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Pickling Your Garden’s Bounty

Pickles are more than just cucumbers flavored with dill. Pickles are more than just cucumbers flavored with dill.


There’s a sour side to every summer barbeque. It might be Uncle Ted, who always has a few too many beers, but if you’re lucky, it’ll be a sliver of dill cozying up to that juicy burger and salty potato chips. 

Combining the American palate’s penchant for increasingly big and bold flavors with the DIY craze sweeping the nation, pickled and other sour foods have been hitting the top of dining trend lists. Pickling, which encompasses everything from standard dills to sauerkrauts, fruit pickles and relishes, is a method of preserving with brine or vinegar. 

As acidity increases during curing, colors and flavors change until fruits and veggies are left with that signature tart, briny zing that adds a burst of flavor to everything from sandwiches and salads to soufflés and grilled meats.

Like many good trends, pickling is a revival of an ancient practice, one that’s been put to use in various ways around the world.

There are two basic pickling methods: a quick pickle, where food is preserved in vinegar for just a few hours or overnight, and brining, where over the course of a few days or months, raw vegetables are encouraged to ferment. Regular dill pickles and sauerkraut, for instance, both take about three weeks to cure, while other vegetables, like cauliflower, carrots, and beets, can be flash-pickled in just a few hours.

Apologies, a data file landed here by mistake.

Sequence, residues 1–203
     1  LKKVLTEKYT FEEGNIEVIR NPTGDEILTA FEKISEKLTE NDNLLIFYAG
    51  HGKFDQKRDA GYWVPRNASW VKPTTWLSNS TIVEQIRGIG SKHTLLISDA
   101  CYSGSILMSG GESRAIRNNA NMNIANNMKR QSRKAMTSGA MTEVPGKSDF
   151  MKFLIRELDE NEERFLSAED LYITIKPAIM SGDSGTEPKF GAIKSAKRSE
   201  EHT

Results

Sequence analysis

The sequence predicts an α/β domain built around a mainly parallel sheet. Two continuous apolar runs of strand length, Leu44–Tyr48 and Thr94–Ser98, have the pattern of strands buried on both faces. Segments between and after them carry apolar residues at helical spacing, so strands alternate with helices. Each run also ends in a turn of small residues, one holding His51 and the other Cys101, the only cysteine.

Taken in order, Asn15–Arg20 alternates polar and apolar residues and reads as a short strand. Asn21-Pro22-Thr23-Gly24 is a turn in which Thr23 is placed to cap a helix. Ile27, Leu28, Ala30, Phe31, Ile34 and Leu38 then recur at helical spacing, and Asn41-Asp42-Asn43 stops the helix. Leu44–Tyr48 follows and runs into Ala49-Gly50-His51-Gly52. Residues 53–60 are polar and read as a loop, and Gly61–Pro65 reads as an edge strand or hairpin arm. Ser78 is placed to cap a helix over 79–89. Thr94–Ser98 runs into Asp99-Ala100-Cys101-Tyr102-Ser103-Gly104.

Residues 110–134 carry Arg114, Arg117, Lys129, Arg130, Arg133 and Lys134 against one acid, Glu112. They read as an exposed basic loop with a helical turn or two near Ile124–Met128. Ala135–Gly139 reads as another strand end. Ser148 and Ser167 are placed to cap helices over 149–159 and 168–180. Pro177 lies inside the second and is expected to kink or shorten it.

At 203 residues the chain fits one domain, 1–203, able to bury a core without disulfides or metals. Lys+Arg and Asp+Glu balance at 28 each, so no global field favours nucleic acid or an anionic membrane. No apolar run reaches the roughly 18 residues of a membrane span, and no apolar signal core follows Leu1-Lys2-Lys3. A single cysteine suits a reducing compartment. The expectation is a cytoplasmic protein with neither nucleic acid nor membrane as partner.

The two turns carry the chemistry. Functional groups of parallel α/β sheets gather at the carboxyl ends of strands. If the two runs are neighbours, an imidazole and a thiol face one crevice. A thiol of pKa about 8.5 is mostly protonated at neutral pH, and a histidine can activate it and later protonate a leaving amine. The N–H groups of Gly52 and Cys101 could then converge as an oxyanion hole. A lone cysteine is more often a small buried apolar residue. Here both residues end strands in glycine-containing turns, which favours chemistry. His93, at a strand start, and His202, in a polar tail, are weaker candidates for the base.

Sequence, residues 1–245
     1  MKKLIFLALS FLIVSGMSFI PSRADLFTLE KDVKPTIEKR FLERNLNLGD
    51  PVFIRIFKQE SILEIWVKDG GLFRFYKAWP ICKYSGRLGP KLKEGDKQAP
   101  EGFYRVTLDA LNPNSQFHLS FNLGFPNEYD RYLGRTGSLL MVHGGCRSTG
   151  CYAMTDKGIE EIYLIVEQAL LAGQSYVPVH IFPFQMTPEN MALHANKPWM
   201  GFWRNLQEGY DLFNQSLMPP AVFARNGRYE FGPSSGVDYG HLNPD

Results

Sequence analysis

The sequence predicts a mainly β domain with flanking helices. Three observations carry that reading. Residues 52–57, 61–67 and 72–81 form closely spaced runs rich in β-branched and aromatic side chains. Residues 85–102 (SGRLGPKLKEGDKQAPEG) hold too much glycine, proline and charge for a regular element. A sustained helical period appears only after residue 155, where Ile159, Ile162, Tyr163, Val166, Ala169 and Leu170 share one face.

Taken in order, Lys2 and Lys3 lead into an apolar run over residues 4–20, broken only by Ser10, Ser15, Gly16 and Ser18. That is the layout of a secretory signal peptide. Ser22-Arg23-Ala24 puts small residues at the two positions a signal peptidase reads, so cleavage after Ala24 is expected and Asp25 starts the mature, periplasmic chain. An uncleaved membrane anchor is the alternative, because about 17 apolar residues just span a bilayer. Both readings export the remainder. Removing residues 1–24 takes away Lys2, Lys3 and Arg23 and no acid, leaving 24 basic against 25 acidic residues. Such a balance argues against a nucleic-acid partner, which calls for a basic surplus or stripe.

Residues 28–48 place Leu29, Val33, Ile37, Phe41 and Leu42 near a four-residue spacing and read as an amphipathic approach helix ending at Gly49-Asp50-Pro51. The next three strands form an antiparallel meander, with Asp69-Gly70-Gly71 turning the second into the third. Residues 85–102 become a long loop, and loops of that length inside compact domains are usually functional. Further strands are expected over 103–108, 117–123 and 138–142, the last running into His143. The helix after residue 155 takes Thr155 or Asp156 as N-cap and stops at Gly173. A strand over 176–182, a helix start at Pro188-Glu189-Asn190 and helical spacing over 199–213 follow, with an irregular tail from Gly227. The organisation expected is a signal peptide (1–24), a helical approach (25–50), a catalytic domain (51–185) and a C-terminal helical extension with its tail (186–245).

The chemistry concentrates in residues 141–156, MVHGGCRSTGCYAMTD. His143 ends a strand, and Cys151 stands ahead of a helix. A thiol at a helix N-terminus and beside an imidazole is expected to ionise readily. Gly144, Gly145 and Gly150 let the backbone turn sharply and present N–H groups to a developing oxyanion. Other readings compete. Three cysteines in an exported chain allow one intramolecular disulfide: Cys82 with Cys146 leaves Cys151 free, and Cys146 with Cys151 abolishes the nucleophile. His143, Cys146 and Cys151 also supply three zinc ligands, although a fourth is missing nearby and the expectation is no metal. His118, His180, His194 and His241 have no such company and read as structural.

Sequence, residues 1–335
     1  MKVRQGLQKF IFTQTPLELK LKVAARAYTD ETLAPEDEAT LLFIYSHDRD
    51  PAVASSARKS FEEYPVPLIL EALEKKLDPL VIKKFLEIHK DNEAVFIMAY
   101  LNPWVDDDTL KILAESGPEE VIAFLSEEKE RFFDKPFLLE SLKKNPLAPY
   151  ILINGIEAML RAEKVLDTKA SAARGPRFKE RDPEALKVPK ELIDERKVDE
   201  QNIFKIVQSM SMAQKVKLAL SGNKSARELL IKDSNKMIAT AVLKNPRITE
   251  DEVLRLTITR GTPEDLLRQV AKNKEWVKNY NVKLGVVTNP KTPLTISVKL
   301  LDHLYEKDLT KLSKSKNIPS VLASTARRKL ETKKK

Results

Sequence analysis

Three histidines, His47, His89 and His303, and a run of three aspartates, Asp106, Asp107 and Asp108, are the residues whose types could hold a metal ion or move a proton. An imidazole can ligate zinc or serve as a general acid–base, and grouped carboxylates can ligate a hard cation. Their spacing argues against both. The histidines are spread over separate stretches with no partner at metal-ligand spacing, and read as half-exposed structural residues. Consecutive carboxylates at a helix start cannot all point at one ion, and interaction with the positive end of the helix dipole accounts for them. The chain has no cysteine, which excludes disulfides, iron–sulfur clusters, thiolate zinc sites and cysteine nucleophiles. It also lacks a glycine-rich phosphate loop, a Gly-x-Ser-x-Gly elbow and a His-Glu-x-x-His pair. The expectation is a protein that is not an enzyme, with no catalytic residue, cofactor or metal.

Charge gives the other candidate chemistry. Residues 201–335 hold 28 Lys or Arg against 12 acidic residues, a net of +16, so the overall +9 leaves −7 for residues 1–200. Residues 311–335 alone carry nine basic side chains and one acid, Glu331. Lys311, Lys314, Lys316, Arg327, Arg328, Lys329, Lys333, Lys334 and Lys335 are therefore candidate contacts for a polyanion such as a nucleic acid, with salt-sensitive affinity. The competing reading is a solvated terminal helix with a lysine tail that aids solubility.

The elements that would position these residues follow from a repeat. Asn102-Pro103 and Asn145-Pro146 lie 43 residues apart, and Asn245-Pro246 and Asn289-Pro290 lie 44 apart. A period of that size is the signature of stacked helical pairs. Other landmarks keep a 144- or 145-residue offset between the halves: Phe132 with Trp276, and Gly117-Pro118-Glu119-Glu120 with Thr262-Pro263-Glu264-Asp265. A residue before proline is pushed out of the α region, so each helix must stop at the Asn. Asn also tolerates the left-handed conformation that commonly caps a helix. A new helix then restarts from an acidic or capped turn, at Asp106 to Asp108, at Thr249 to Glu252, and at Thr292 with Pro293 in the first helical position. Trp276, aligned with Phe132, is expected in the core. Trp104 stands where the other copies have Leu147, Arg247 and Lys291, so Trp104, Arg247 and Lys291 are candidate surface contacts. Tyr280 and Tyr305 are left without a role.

Today’s pickling trend, however, isn’t just about preserving the best of summer, it’s about experimenting with various fruits and vegetables or varying the consistency of spices and brine. 

Habanero, rooibos tea, and star anise now join the traditional pickling medley of mustard seed, celery seed, black pepper, and thyme, while chefs experiment with pickling everything from red wine-infused Asian pears to fennel flowers and green strawberries.

Like many good trends, pickling is a revival of an ancient practice, one that’s been put to use in various ways around the world. Whether Korean kimchi, pickled herring from Scandinavia, miso pickles from Japan, chutney from India, or a good old dilly from New York City, your next peck might just be a pickled one.

© Copyright RosebudMag.com, 2013



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Get into some serious pickling!
Last modified on Monday, 14 October 2013 19:31

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